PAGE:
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Product/Services Overview:

PROCUREMENT INNOVATION MODEL: Smart City-Xspaces & Initiatives-Procurement Innovation Model Services as the part of SDP’s Management Consulting & Government Advisory service offering for Public, Private and Social sector clients.


Product/ Service Delivery Duration:

Min 2-3 months depending upon Size of offering required and Scope of Work.


Ideal Client Type:

Public, Private and Social sector clients: International Agencies, National Governments-Ministries; Local Governments-Municipalities, Development Authorities, Smart City-Xspaces SPVs/ offices, Private Companies.


What is in the package of Product/Services (Deliverables)?

  • Smart City-Xspaces & Initiatives-Procurement Innovation Model Report.
  • Support services for Smart Cities-Xspaces & Initiatives-Procurement Innovation Model framework, activation & transformation.


Product Offering/SoW Overview:

  • Introduction of Smart City-Xspaces Procurement Innovation Model

  • Initial Assessment and Planning

  • Current Procurement Process Review

  • Benchmarking and Best Practices

  • Stakeholder Engagement

  • Innovation Needs Analysis

  • Development of the Procurement Innovation Model

  • Policy and Regulatory Framework

  • Technology Integration Support

  • Supplier Engagement and Capacity Building

  • Pilot Testing and Implementation Advisory & Support

  • Performance Measurement and Monitoring

  • Continuous Improvement

  • Documentation and Reporting

  • Communication and Outreach


Key Benefits:

  • Bridging the chasm between the innovators and early adopters and the pragmatists to scale up early market technologies and make them mainstream.
  • As government purchase is so large, this helps bring innovative solutions to the market and provide the necessary scale.
  • Increased profits: either through reducing costs, finding new markets or increasing market share;
  • Supplier management: improving communication with the supply base, identifying strategic suppliers vital to their supply chain and improving supplier performance to share subsequent savings;
  • Controlling risks internally and externally-Internally improving the identification and management of risks leads to better control of risks and minimizes any unpleasant surprises.
  • Externally create stronger relationships leading to better communication and a better awareness of potential issues/upcoming risks and opportunities.
  • Understanding of market and suppliers, First tactical and analytics, Introduction of ERP systems.
  • Effective internal comms and collaboration.
  • Purchasing involved in strategic decision making.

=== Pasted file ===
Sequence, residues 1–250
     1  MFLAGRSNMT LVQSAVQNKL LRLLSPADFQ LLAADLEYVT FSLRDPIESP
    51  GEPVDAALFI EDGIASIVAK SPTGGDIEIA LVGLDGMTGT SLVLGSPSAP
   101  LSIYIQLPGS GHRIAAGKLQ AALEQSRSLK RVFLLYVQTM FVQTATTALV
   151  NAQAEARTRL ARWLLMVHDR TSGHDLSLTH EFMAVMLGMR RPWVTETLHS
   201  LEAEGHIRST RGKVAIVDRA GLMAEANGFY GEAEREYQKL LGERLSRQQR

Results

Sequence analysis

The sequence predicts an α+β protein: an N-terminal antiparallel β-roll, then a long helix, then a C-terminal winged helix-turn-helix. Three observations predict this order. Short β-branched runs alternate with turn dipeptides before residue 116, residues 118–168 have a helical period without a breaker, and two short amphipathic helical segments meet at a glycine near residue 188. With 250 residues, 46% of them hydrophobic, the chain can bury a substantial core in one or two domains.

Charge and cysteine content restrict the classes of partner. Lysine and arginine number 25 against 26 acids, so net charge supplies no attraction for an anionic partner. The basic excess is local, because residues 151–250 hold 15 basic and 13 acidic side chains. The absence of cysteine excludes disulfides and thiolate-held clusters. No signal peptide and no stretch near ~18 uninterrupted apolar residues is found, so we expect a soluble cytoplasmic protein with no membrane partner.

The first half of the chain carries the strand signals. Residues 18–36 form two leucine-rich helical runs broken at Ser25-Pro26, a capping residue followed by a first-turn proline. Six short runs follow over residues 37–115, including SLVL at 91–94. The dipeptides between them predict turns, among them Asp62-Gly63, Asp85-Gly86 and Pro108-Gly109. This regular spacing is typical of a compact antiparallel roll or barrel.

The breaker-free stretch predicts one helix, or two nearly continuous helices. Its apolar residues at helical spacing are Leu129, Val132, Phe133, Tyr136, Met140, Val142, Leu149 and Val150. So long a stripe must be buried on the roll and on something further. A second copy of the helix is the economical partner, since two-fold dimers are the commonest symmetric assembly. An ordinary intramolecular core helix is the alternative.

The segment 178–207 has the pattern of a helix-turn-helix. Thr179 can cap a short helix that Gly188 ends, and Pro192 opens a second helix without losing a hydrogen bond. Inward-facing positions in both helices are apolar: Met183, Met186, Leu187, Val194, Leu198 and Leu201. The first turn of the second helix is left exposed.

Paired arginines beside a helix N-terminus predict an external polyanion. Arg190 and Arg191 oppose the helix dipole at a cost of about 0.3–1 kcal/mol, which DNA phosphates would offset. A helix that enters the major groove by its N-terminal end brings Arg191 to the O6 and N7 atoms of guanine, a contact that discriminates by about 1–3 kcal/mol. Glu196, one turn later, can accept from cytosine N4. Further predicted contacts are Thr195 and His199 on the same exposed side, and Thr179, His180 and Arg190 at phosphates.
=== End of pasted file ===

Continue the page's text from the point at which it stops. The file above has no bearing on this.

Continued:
• Data visibility aiding faster decision making.
  • Value contribution of Purchasing aligned to business objectives.
  • Rapid and accurate monitoring of spend data
  • Supplier integration, cooperation and partnership.


Additional Free Offerings:



    • The legal framework-For public procurers to know the best available solutions, they need to be able to engage in a transparent, open dialogue with suppliers. There is natural risk-aversion from public procurers to do so out of fear of allegations of corruption.

    • The cost barrier and the business case-When conversations with public procurers turn to the costs of sustainability and innovation, there is a lot of resistance to considering an item, solution or process that appears costlier than the business-as-usual alternative. 

    • The public procurer skill set-The public procurers’ work need to be strengthened to fully utilize the potential of innovative, sustainable procurement: market engagement, the design and evaluation of performance-based tenders, and the monitoring of contracts on compliance with the promised performance.

    • Risks and regulations: the purchasing function can contribute by identifying innovative solutions to transform constraints linked to the control of risk and regulatory compliance into a competitive advantage for the business;

    • Operational excellence: the purchasing function can be a proactive source of creativity and collaboration with internal clients and suppliers to enhance existing processes and reduce costs through the identification and introduction of new materials, technologies and alternative solutions;

    • Differentiation: being involved in the company’s product and service roadmaps and tightening collaboration with internal clients and suppliers to become business partners.

    • Poor communication across functions

    • Low knowledge of markets and suppliers

    • Slow/ineffective decision making

    • Collaboration across the business

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